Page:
The second sin discussed in the paper concerns “economic liberalization.” Should China allow its state-sponsored and controlled capitalist system to develop into a full-fledged market economy? The question goes beyond mere economics. If the party loses its monopoly on distributing economic opportunities, not to mention favors and the fruits of corruption, would it have enough moral authority to maintain a power-base?
Starting with Great Britain, all countries that adopted capitalism did so under initial central “guidance,” if not full control. But they all ended up with the market seizing the initiative with the state in the role of regulator. It may be possible to combine political despotism with a market economy for a while, but not forever. The experience of other Asian nations, notably Japan under the shoguns and more recently South Korea under successive military rulers, proves that point.
The third sin the Chinese leaders face is the “Western concept of human rights.”
If China succumbs to that sin it would have to relinquish such concepts as “class enemy” and “proletarian responsibility.” That would mean accepting freedom of thought, religion, expression and association. What would be the impact of such a dramatic change on China’s restive Muslim and Tibetan citizens? What would happen to the one hundred and one ways in which the Chinese state intervenes in every aspect of a citizen’s life?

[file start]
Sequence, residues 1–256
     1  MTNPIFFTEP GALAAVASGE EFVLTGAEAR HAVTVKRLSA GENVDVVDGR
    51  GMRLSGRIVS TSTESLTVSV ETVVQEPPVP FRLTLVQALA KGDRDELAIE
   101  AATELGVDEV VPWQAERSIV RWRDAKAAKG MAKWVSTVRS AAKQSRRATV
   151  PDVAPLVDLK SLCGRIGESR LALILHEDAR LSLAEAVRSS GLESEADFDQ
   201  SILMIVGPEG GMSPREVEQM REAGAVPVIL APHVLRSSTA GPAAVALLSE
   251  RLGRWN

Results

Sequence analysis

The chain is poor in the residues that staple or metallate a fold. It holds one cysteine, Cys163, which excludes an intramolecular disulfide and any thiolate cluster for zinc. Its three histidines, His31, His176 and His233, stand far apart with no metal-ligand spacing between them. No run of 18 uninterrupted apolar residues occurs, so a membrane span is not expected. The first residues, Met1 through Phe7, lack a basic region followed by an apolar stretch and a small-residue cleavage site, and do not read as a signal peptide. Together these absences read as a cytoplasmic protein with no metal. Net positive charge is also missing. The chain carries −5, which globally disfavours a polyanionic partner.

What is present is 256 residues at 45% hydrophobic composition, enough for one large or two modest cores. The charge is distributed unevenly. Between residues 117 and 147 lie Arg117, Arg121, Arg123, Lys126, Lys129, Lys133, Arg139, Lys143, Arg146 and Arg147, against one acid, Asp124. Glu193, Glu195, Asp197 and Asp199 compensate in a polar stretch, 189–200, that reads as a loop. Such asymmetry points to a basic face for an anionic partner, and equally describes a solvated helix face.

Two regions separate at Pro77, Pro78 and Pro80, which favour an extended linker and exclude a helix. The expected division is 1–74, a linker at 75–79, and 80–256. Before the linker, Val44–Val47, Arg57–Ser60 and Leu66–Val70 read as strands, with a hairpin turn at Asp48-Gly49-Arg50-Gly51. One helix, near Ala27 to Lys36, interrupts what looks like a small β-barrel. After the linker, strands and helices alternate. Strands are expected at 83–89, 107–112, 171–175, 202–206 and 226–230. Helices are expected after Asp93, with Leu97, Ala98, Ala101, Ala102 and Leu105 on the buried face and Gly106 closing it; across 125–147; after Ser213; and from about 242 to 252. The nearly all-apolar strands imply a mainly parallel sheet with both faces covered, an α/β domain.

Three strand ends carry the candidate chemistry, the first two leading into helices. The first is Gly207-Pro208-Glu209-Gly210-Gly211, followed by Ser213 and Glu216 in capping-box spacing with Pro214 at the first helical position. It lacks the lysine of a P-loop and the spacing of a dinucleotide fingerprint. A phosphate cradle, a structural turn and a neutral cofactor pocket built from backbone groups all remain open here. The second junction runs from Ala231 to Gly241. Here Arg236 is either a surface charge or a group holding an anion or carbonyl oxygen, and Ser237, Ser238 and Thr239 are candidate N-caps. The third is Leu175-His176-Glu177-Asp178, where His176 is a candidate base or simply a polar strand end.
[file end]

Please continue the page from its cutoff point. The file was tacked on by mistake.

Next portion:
The fourth sin mentioned in the paper concerns the possible emergence of privately owned media, notably television networks. As in all centralized systems, the Chinese set-up has used its monopoly on information as a powerful tool for domination. Privately owned and diverse media could terminate that monopoly which is already under pressure from the Internet and citizen journalism. A system used to offering a single version of events would have to contend with dozens, even hundreds, of different versions.
Sin number five concerns China’s atrophied educational system. Well-placed Communist barons send their children to Europe or the United States for higher education, while the offspring of the plebs are left with substandard schools and universities. Allowing space for private education could see China hosting branches of dozens of Western universities alongside private schools offering independent curricula.
The sixth sin is a separation of powers under which a truly independent judiciary could become the trusted arbiter of disputes. That would put an end to show-trials, special tribunals, and in camera hearings. It would also end party diktats that could deprive a citizen of his entire livelihood. Prime Minister Li promises new protection for private property. But that could not happen without an independent judiciary capable of protecting the weakest citizen against the most powerful.
Finally, the seventh sin concerns a growing demand for a review of the nation’s history, especially since the creation of the People’s Republic in 1949. This means accepting the separation of science and ideology. The Chinese want to know what really happened to their parents and grandparents and who was responsible for the tens of millions of deaths caused by man-made famine and political purges.
Premier Li has spoken of building a new China. That echoes Mao’s slogan “Destroy the Old to Build the New.”
However, what if the old that needs to be destroyed includes a good part of Mao’s legacy?